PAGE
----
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Constellation’s Sales Rise 5%, Led By Beer, Higher-End Wine Brands

October 6, 2021

Constellation Brands posted sales up 5% on an organic basis to $2.37 billion in the three months through August, representing its fiscal second quarter, with its beer business in double-digit growth and its upscale wine portfolio led by The Prisoner, Kim Crawford, and Meiomi contributing solid momentum. Operating income slipped 8% to $730 million on an organic basis, however, weighed down by increased costs and a slowdown in the hard seltzer business.

Constellation’s organic wine and spirits sales jumped 15% to $510 million for the quarter, as organic shipment volume increased 5.7%. The company touted newcomers Meiomi Cabernet Sauvignon, Kim Crawford Illuminate, and The Prisoner Cabernet Sauvignon and Chardonnay as all being among the top 10 innovations at the high end of the U.S. wine category in IRI channels since their respective rollouts. Most recently, SND exclusively reported the launch of former Prisoner offshoot Saldo as its own brand, in a bid to further tap the high end.

Looking ahead, Constellation will continue to leverage innovation, expanding the Woodbridge brand with wine seltzers, sparkling infusions, and a 3-liter box format, and is also aiming to widen distribution of Svedka’s RTD cocktails. The company also noted that its wine and spirits e-commerce sales, including direct-to-consumer, have increased three to four times versus 2019, bolstering its share in fine wine, particularly driven by “robust growth of The Prisoner on Instacart and Robert Mondavi on Wine.com.” Operating income fell 38% to $100 million for the wine and spirits business during the quarter, although that number includes some one-off factors like smoke-tainted bulk wine sales.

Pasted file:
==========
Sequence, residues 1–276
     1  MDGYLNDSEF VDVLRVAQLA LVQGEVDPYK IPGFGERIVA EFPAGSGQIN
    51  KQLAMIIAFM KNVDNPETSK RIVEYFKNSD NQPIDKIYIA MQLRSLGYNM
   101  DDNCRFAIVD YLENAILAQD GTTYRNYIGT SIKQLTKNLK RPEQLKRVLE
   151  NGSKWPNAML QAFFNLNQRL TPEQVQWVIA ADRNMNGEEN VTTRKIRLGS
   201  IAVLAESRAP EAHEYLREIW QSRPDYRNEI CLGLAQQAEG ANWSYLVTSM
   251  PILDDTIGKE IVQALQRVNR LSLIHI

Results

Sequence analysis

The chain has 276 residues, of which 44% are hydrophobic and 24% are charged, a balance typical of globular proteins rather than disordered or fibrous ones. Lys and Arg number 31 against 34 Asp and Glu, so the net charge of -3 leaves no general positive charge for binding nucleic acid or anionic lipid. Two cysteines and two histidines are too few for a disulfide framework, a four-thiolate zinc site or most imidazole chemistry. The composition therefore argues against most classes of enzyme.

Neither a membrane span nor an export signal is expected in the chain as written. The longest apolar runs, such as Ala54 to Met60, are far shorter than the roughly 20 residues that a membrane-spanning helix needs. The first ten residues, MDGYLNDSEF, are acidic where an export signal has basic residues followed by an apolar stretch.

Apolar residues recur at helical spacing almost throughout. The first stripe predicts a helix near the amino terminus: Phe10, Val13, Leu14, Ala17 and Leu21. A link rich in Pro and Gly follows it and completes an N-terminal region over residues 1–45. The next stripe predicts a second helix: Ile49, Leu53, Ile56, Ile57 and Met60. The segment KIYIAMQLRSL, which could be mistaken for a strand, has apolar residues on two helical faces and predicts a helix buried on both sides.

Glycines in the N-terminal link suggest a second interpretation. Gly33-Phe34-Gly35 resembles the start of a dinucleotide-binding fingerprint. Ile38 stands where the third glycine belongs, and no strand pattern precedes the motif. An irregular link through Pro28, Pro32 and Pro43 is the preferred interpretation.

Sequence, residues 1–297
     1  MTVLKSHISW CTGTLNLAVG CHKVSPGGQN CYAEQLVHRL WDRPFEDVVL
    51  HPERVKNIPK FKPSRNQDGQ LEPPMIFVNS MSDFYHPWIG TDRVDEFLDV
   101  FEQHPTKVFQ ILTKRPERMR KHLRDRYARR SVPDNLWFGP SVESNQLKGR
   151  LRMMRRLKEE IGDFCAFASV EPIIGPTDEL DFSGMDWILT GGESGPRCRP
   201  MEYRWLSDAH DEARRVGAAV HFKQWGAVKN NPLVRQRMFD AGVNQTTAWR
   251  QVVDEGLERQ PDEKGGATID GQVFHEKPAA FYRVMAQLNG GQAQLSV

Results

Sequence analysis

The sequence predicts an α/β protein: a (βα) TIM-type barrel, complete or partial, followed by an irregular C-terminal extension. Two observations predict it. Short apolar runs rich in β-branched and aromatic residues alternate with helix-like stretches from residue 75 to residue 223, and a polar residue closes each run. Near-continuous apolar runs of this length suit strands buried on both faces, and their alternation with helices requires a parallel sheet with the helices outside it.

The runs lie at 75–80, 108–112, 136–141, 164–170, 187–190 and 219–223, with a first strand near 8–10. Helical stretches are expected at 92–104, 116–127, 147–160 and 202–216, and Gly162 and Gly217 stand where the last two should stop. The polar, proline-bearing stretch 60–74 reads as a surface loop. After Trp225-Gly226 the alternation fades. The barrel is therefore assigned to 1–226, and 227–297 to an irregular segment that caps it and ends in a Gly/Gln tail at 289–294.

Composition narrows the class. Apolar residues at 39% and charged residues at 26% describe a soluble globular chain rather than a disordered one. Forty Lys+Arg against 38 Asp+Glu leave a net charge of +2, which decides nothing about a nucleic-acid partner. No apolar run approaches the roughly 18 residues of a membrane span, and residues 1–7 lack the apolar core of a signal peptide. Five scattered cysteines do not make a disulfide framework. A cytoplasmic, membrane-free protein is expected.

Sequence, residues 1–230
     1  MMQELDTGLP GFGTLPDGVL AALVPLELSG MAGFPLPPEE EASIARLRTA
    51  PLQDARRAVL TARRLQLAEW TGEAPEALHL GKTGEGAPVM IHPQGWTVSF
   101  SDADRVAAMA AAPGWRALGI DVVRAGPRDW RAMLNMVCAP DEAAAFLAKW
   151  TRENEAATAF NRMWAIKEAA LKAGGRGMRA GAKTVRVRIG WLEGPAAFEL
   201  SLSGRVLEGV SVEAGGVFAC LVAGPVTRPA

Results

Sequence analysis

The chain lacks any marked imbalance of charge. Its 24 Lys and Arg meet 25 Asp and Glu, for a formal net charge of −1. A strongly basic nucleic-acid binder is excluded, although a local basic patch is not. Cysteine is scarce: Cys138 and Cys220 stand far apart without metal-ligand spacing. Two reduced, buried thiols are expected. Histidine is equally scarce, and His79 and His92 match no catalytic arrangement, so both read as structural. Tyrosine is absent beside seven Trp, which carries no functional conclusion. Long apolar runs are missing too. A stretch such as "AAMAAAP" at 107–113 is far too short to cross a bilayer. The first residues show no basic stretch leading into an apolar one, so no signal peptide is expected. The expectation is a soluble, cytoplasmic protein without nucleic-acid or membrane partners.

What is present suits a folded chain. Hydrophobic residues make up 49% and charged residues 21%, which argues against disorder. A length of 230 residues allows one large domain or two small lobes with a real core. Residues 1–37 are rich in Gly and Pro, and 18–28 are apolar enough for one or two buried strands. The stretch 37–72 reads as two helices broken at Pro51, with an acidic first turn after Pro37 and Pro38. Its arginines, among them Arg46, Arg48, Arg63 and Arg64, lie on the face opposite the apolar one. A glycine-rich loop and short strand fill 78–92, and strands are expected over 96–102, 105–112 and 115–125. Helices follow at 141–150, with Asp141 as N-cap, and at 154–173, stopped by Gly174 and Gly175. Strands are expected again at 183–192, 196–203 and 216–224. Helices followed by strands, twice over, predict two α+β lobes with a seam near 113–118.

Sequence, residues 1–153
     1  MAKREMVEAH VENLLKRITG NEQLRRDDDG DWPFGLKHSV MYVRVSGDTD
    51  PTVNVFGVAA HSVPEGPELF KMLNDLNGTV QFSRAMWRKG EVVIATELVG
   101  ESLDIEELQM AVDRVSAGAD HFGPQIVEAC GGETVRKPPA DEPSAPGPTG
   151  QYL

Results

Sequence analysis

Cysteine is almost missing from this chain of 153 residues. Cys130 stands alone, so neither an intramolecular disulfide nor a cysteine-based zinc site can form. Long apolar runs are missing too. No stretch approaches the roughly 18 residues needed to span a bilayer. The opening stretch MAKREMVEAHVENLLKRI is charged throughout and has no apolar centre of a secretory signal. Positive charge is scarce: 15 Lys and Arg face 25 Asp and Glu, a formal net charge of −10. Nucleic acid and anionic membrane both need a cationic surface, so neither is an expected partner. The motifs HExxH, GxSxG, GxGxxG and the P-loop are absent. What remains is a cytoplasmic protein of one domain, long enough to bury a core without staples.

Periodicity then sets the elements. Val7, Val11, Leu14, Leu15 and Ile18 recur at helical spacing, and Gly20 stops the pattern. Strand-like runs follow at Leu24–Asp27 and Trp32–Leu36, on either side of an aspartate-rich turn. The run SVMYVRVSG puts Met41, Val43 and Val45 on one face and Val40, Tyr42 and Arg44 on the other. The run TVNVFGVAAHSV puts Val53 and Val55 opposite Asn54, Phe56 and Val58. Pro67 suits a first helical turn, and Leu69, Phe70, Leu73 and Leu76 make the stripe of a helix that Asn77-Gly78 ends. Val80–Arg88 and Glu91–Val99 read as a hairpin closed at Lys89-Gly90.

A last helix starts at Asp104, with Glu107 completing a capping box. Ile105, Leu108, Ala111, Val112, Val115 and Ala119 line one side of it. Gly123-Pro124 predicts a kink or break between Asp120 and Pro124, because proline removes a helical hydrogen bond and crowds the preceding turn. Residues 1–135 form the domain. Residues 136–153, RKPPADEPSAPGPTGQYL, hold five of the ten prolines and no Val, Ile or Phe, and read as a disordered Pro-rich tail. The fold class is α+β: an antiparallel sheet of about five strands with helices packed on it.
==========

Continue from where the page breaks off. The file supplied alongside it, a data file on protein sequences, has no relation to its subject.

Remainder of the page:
Meanwhile, Constellation’s beer unit posted 14% net sales growth to $1.86 billion in the three months through August, led by Modelo Especial’s 16% depletion growth and a 5% increase from Corona Extra. Operating income was flat at $693 million, owing to increased costs “largely driven by an increase in obsolescence of $66 million relating to excess inventory of hard seltzers, resulting from a slowdown in the overall category in the U.S.,” according to the company.—Daniel Marsteller

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